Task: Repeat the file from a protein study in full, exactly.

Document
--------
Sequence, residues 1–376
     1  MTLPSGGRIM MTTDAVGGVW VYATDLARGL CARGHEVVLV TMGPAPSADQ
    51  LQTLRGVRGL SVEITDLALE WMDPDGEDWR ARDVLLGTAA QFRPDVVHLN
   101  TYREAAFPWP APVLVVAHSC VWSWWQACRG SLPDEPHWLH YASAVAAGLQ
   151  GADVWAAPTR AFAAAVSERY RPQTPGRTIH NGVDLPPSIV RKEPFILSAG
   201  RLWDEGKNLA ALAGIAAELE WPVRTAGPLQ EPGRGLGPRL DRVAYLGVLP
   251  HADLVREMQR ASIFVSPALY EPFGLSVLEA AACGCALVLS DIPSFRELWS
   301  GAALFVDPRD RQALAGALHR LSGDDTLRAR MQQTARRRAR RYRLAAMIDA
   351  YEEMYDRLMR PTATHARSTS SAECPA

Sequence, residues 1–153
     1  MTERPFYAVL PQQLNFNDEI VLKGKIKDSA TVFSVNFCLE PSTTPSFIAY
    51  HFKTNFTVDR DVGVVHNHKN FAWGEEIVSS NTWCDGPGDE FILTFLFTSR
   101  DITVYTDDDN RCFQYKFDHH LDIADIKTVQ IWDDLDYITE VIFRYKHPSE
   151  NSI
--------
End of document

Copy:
Sequence, residues 1–376
     1  MTLPSGGRIM MTTDAVGGVW VYATDLARGL CARGHEVVLV TMGPAPSADQ
    51  LQTLRGVRGL SVEITDLALE WMDPDGEDWR ARDVLLGTAA QFRPDVVHLN
   101  TYREAAFPWP APVLVVAHSC VWSWWQACRG SLPDEPHWLH YASAVAAGLQ
   151  GADVWAAPTR AFAAAVSERY RPQTPGRTIH NGVDLPPSIV RKEPFILSAG
   201  RLWDEGKNLA ALAGIAAELE WPVRTAGPLQ EPGRGLGPRL DRVAYLGVLP
   251  HADLVREMQR ASIFVSPALY EPFGLSVLEA AACGCALVLS DIPSFRELWS
   301  GAALFVDPRD RQALAGALHR LSGDDTLRAR MQQTARRRAR RYRLAAMIDA
   351  YEEMYDRLMR PTATHARSTS SAECPA

Sequence, residues 1–153
     1  MTERPFYAVL PQQLNFNDEI VLKGKIKDSA TVFSVNFCLE PSTTPSFIAY
    51  HFKTNFTVDR DVGVVHNHKN FAWGEEIVSS NTWCDGPGDE FILTFLFTSR
   101  DITVYTDDDN RCFQYKFDHH LDIADIKTVQ IWDDLDYITE VIFRYKHPSE
   151  NSI